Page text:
“I got pulled over on my way home last night.”

Last night when you were driving home, a police car stopped you because one of your headlights was out. This morning, you're talking with a friend at work and you want to tell him the story of what happened. You say:

I got pulled over on my way home last night.

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pull over

When you're driving, to "pull over" means to stop your car on the side of the road. You might have to "pull over" when a police car stops you, when you have engine trouble, or when you need to look at a map. Here's an example:

When there's an ambulance or fire truck approaching, you're supposed to pull over to the side of the road and let them pass.

You can use "pull over" by itself like in this example. Or you can use it with an object like this:

You're supposed to pull your vehicle over to the side of the road.

get pulled over

"Getting pulled over" specifically means that a police car forces you to stop your car because you've been doing something wrong. When you "get pulled over", the police come behind you and turn on their lights and siren. When that happens, you're supposed to pull over and wait for the police officer to come to talk to you. Depending on what you were doing, the police officer might do one of the following:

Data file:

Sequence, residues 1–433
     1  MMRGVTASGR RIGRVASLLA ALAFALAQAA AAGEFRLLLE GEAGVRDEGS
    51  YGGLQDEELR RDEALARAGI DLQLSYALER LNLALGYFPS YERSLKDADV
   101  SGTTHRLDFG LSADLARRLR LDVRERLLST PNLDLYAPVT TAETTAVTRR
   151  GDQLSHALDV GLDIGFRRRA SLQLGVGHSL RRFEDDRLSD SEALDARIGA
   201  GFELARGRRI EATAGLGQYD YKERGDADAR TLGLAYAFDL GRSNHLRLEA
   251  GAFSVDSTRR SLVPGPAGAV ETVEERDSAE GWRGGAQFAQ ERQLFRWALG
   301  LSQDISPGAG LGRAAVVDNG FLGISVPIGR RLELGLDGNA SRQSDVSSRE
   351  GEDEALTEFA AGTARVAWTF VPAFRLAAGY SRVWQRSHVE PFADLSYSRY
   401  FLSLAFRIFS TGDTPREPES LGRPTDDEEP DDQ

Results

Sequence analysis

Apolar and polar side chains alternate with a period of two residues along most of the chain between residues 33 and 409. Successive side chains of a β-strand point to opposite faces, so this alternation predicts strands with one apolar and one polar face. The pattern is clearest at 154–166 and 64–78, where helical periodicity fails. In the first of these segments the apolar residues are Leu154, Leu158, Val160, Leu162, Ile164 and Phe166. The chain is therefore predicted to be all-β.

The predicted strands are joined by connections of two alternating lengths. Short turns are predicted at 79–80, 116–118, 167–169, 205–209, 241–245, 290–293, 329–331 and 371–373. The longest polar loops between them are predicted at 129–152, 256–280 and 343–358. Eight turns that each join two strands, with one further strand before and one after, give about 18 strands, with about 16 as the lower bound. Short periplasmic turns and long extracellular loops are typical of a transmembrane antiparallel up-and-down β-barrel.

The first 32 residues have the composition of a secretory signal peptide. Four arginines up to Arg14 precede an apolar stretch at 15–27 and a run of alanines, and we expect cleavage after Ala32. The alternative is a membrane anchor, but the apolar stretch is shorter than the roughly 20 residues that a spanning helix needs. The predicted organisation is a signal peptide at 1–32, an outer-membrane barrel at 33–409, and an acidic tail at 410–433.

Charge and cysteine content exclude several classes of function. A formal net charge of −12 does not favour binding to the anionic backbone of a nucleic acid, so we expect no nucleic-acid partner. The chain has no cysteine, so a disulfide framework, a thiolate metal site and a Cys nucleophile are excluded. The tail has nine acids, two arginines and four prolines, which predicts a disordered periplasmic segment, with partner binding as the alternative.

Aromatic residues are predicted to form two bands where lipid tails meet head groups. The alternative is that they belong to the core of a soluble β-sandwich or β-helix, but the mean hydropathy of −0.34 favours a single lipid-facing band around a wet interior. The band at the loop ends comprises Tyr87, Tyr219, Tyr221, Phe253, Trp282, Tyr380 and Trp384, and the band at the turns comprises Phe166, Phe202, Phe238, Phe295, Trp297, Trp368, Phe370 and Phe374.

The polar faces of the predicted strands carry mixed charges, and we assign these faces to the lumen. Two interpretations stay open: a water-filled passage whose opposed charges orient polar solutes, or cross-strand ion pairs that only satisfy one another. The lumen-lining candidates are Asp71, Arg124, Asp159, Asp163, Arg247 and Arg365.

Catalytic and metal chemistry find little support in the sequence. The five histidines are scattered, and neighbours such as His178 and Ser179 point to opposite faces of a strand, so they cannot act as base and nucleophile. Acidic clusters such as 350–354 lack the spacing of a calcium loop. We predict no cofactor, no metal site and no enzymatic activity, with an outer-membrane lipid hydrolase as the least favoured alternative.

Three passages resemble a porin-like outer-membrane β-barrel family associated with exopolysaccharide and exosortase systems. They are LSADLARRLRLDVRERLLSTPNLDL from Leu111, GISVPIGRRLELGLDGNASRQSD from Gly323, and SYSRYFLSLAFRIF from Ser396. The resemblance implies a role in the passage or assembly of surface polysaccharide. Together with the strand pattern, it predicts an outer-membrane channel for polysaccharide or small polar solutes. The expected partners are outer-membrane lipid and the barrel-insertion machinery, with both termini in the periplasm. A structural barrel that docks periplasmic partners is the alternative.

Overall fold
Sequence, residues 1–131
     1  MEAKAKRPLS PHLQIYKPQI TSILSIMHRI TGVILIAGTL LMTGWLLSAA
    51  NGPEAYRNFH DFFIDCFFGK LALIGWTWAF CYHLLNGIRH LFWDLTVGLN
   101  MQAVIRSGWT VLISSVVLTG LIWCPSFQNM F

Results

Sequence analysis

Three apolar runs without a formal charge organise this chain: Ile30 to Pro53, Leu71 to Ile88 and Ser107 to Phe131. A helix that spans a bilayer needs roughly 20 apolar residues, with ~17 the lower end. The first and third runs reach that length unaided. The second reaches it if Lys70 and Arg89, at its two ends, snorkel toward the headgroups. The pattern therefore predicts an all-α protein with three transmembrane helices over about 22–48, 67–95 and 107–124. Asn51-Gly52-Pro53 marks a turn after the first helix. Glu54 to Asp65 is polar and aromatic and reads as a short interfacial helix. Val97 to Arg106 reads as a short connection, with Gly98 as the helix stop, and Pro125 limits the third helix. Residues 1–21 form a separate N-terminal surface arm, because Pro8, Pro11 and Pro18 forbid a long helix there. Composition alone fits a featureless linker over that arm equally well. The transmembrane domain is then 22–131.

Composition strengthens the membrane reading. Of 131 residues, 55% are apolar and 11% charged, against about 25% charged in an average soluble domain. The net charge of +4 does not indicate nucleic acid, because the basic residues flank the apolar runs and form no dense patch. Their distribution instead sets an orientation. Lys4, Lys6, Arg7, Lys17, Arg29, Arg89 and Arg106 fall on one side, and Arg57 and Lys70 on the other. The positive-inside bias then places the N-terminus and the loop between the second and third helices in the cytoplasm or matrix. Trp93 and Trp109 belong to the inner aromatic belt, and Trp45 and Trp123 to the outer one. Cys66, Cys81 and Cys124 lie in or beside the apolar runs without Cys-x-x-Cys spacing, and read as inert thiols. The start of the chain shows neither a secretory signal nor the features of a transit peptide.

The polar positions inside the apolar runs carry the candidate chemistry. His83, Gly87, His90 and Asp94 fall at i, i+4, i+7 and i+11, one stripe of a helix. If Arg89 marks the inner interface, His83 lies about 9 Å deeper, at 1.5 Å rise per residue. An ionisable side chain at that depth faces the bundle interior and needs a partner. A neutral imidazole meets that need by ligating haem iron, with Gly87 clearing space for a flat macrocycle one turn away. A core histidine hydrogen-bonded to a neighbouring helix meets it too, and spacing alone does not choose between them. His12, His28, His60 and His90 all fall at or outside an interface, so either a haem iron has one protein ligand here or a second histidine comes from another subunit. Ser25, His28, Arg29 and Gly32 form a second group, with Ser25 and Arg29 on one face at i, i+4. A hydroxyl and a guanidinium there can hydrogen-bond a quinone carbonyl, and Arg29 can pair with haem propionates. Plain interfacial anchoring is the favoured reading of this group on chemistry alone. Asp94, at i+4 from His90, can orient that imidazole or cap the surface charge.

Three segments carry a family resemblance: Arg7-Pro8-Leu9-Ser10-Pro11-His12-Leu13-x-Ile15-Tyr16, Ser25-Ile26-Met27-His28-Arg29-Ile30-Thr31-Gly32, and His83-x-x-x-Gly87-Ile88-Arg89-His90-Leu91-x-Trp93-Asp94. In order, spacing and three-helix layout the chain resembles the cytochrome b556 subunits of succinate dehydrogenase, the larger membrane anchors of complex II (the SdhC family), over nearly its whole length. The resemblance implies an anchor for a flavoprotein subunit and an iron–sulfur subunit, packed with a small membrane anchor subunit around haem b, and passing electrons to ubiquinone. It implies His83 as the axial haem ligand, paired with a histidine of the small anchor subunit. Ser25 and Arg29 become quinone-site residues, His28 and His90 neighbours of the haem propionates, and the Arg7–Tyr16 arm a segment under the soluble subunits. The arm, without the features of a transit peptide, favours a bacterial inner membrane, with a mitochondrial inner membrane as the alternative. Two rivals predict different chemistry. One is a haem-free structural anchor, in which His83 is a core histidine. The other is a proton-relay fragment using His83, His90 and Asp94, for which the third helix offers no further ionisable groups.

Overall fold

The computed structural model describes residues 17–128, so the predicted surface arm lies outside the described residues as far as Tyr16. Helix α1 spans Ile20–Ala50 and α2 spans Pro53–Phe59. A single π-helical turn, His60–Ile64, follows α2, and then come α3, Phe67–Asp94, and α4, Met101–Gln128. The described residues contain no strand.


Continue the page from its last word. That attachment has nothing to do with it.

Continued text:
• give you a warning
  • give you a ticket
  • arrest you

on (one's) way home

"On my way home" refers to anything that you do while you're coming home from somewhere, like from work, from a vacation, from shopping, etc.

The phrase "on my way ___" is usually followed by "to ___":

I was on my way to work when she called.

But "home" is special because you never use "to" with it:

I'm going to Ted's house.

I'm going home.

"Here" and "there" are also special in the same way:

He's on his way here right now.